Robbert Dijkgraaf

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Robbert Dijkgraaf
Robbert Dijkgraaf.jpg
Robbert Dijkgraaf, 2014
Robertus Henricus Dijkgraaf

(1960-01-24) 24 January 1960 (age 59)
ResidencePrinceton, New Jersey, US
Alma materUtrecht University
Known forString theory
AwardsSpinoza Prize (2003)
Scientific career
FieldsTheoretical physics
InstitutionsInstitute for Advanced Study
University of Amsterdam
Doctoral advisorGerard 't Hooft
Notable studentsLotte Hollands

Robertus Henricus "Robbert" Dijkgraaf FRSE (Dutch: [About this soundroːˈbɛrtʏs About this soundɦɛnˈrikʏs About this soundˈrɔbərt About this soundˈdɛikɣraːf]; born 24 January 1960) is a theoretical physicist and string theorist. He is the director and Leon Levy professor at the Institute for Advanced Study[1] in Princeton, New Jersey, and a tenured professor at the University of Amsterdam.


Robertus Henricus Dijkgraaf was born on 24 January 1960 in Ridderkerk, Netherlands. He lives in Princeton, New Jersey. Dijkgraaf is married to the author Pia de Jong [nl] and has three children.[2]

Dijkgraaf went to Erasmiaans Gymnasium in Rotterdam, Netherlands. He started his education in physics at Utrecht University in 1978. After completing his Bachelor's degree equivalent in 1982 he briefly turned away from physics to pursue painting at the Gerrit Rietveld Academie. In 1984, he returned to Utrecht University, to start on his master's degree in theoretical physics. After obtaining his MSc degree, he continued working towards his PhD under supervision of Nobel laureate Gerard 't Hooft. He studied together with the twins Erik and Herman Verlinde. The original arrangement was that only one of the trio would work on string theory, but all three ended up writing their thesis on this subject. Dijkgraaf obtained his doctorate in 1989 cum laude. His thesis was titled A Geometrical Approach to Two Dimensional Conformal Field Theory.[3] Subsequently, Dijkgraaf held positions at Princeton University and the Institute for Advanced Study.[4] In 1992, he was appointed professor at the University of Amsterdam, where he held the chair of mathematical physics until 2004, when he was appointed distinguished professor at the same university.[5]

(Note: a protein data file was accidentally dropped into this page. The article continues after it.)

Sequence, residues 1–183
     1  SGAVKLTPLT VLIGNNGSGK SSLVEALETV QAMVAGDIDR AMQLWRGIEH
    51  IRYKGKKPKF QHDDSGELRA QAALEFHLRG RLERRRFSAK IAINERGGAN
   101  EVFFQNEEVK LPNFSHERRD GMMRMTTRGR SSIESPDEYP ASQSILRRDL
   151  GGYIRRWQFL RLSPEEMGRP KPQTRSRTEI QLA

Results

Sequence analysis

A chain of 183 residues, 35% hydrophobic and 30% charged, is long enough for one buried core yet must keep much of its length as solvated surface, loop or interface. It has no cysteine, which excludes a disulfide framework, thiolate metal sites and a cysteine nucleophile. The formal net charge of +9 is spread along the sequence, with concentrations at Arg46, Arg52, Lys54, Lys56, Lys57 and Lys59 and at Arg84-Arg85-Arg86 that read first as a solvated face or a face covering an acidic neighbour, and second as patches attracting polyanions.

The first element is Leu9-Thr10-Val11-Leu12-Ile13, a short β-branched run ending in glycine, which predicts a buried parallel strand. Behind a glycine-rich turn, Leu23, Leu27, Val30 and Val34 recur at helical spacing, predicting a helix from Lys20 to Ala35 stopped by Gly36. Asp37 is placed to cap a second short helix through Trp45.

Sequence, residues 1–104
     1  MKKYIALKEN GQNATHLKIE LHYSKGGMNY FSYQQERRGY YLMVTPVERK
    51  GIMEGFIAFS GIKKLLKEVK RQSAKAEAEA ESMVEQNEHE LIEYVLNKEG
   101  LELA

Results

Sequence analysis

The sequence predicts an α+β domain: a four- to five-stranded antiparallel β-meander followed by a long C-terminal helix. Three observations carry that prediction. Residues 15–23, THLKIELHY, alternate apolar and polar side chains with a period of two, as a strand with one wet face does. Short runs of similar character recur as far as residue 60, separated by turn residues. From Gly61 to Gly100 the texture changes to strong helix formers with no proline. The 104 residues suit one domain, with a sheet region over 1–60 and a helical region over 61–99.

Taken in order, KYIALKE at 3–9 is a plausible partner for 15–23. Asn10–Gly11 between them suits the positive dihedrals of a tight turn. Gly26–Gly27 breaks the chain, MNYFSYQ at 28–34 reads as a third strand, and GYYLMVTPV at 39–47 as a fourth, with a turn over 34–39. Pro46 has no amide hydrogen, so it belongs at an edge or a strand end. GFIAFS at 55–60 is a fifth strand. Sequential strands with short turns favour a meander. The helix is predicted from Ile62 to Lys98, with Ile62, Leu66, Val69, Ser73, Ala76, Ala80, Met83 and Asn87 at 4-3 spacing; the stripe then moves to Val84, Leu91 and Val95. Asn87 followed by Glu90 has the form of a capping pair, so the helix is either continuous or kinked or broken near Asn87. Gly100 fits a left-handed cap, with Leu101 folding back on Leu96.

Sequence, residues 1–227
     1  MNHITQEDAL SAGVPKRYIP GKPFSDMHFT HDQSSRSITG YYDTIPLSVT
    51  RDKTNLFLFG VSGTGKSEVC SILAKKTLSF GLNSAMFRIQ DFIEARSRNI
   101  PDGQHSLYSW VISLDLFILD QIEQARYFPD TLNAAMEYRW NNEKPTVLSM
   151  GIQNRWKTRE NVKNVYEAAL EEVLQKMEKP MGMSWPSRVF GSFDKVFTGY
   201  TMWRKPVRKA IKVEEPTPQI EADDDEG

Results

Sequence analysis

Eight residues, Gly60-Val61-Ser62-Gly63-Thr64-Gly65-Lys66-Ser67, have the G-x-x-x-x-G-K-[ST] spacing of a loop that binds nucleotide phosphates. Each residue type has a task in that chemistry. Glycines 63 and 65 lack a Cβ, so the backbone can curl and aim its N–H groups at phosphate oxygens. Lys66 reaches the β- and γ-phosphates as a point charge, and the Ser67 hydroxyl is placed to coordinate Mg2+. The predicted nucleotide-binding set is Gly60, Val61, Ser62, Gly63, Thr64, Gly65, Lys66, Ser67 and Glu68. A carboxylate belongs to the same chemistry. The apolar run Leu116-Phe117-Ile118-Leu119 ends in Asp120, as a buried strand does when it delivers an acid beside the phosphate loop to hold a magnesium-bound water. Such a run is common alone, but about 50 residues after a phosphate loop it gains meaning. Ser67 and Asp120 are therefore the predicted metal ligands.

He regularly appears on Dutch television and has a (monthly) column in the Dutch newspaper NRC Handelsblad. From 2008 to 2012 he was president of the Royal Netherlands Academy of Arts and Sciences. He was elected as one of the two co-chairs of the InterAcademy Council for the period 2009-2013.

Starting 1 July 2012 Dijkgraaf became the director of the Institute for Advanced Study in Princeton. On that date he stepped down from his position as president of the Royal Netherlands Academy of Arts and Sciences. Robbert Dijkgraaf is a member of the CuriosityStream Advisory Board.[6]

Awards and honors[edit]

In 2003, Dijkgraaf was awarded the Spinoza Prize.[7] In doing so he became the first recipient of the award whose advisor also was a recipient ('t Hooft received the first Spinoza Prize in 1995). He used part of his Spinoza Prize grant to set up a website targeted at children and promoting science:

Dijkgraaf is an elected Member of the Royal Netherlands Academy of Arts and Sciences since 2003[8] and of the Royal Holland Society of Sciences and Humanities.

On 30 May 2012, he was elected an Honorary Member of both the Royal Netherlands Chemical Society and the Netherlands’ Physical Society.[9]

On 5 June 2012, Dijkgraaf was appointed a Knight of the Order of the Netherlands Lion.[10]

In 2012 he became a Fellow of the American Mathematical Society.[11]

He was elected an Honorary Fellow of the Royal Society of Edinburgh[12] in 2013.

He received an honorary Doctorate form the Vrije Universiteit Brussel in 2019.


Dijkgraaf's research focuses on string theory and the interface of mathematics and physics in general. He is best known for his work on topological string theory and matrix models, and his name has been given to the Dijkgraaf-Witten invariants and the Witten-Dijkgraaf-Verlinde-Verlinde formula.


  • (2010) Blikwisselingen (Changes of view)
  • (2012) Het nut van nutteloos onderzoek (The usefulness of useless research)
  • (2019) Het isgelijktegen (The equals sign)


  1. ^ "Institute for Advanced Study: Director Robbert Dijkgraaf".
  2. ^ "Robbert Dijkgraaf long biography". Robbert Dijkgraaf. Retrieved 3 June 2012.
  3. ^ Dijkgraaf, Robertus Hendricus. "A geometrical approach to two-dimensional Conformal Field Theory". University of Utrecht.
  4. ^ "IAS Community of Scholars Profile: Robbert Dijkgraaf".
  5. ^ Amsterdam, Universiteit van. "prof. dr. R.H. (Robbert) Dijkgraaf - University of Amsterdam". Archived from the original on 1 May 2015. Retrieved 31 January 2017. Cite uses deprecated parameter |deadurl= (help)
  6. ^ "CuriosityStream Advisory Board". Retrieved 31 August 2015.
  7. ^ "NWO Spinoza Prize 2003". Netherlands Organisation for Scientific Research. 4 September 2014. Retrieved 30 January 2016.
  8. ^ "Robbert Dijkgraaf". Royal Netherlands Academy of Arts and Sciences. Retrieved 17 July 2015.
  9. ^ Robbert Dijkgraaf krijgt Erelidmaatschap NNV en KNCV op Universiteit Twente - website University of Twente
  10. ^ 'Robbert Dijkgraaf geëerd met lintje – kritiseert onderzoekspraktijk Nederland', 5 juni 2012, geraadpleegd op 5 juni 2012.'Robbert Dijkgraaf geridderd', 5 juni 2012, geraadpleegd op 5 juni 2012.
  11. ^ List of Fellows of the American Mathematical Society, retrieved 2012-11-10.
  12. ^ "Professor Robbert Henricus Dijkgraaf HonFRSE - The Royal Society of Edinburgh". The Royal Society of Edinburgh. Retrieved 28 June 2018.

External links[edit]